The American Trucking Associations estimates that trucks transported a whopping 11.5 billion tons of freight in 2022, equivalent to about 72% of total tonnage shipped nationwide. But less than 1% of new truck sales in the U.S. are zero emissions, according to the Truck and Engine Manufacturers Association. And those electric trucks remain far costlier than diesel-powered models, they say. 

train on track

In response to California's regulations, the Association of American Railroads said "there is no clear path to zero emissions locomotives." (Luis Antonio Rojas/Bloomberg via Getty Images)

Additionally, freight railroads haul another 1.6 billion tons of raw materials and finished goods every year, data from the Association of American Railroads shows.

"At a qualitative level, this is going to increase the cost of national transportation services — private, commercial, industrial — enormously. There's just no doubt about that," said Benjamin Zycher, a senior fellow at the American Enterprise Institute.

"Even if you assume and make wild assumptions about the benefits in terms of climate phenomena and all the rest, there's just no way the benefits exceed the cost. It's just impossible," he added.


In addition, CARB recently amended its Commercial Harbor Craft regulation, requiring a wide array of vessels, including tugboats, towboats and barges, to install cleaner upgrades and newer technology. In particular, vessels must install diesel particulate filters, a major retrofit that has some groups concerned about safety.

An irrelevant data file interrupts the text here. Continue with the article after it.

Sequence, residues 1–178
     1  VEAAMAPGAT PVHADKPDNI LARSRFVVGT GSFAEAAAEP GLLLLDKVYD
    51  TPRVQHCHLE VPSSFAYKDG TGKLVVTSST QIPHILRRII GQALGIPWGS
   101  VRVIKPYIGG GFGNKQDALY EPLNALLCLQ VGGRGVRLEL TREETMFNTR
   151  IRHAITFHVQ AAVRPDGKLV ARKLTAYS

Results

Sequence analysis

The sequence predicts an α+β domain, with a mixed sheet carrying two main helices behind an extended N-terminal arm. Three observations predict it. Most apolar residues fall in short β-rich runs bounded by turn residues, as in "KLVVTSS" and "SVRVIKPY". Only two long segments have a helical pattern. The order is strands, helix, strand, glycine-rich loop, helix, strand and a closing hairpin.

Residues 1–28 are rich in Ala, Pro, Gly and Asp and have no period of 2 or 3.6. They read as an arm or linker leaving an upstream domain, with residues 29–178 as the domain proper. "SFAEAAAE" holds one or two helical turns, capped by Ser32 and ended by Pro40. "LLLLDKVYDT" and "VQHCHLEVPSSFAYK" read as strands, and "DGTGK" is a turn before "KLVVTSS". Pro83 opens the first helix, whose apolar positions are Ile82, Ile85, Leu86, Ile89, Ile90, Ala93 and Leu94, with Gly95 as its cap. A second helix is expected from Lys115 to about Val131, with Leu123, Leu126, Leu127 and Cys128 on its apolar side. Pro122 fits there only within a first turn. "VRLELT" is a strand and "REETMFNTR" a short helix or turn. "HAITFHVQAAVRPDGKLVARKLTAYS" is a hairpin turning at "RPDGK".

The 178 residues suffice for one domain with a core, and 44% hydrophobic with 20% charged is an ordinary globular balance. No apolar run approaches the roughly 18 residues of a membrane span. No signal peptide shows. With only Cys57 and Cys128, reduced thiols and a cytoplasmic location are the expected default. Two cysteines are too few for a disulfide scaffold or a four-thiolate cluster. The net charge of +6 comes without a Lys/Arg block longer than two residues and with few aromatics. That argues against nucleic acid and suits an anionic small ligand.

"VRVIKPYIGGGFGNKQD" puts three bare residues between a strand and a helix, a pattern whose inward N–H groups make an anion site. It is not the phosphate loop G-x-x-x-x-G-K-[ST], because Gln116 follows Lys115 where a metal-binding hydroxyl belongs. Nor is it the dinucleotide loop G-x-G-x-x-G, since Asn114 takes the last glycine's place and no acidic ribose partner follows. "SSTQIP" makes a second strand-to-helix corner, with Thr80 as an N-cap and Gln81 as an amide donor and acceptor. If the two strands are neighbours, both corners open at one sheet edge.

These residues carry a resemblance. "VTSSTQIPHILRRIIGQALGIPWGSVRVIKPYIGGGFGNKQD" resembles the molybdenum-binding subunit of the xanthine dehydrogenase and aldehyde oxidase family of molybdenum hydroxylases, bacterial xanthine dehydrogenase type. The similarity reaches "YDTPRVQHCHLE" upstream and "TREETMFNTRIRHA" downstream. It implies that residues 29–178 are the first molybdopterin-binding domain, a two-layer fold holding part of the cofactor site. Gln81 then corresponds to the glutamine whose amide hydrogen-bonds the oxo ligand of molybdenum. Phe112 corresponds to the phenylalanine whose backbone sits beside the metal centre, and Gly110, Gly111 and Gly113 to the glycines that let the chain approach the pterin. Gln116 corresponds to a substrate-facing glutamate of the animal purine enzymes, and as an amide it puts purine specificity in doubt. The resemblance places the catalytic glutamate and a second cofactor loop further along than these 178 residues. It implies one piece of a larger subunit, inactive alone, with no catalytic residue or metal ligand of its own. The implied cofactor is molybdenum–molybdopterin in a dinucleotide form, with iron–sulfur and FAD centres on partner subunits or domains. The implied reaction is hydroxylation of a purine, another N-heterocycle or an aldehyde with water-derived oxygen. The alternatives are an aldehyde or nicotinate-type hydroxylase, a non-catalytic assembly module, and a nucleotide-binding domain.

The American Waterways Operators (AWO), which represents the tugboat, towboat and barge industry, has opposed the regulation over concerns about diesel particulate filters (DPFs) catching fire. In her opinion piece in the DC Journal, Jennifer Carpenter, president and CEO of the AWO, wrote:

"While a truck driver can run from a fire, a vessel crew’s only option may be to abandon ship, which is hazardous and always a last resort. Introducing new fire risks to heavily trafficked ports with combustible cargoes is also dangerous — imagine the threats to safety, the environment and property if a DPF ignites on a tugboat carrying 110,000 barrels of fuel."

And the U.S. Coast Guard penned a letter obtained by Politico in February, informing CARB that it would refuse to enforce the new mandate.

Rep. Michelle Steel, R-Calif.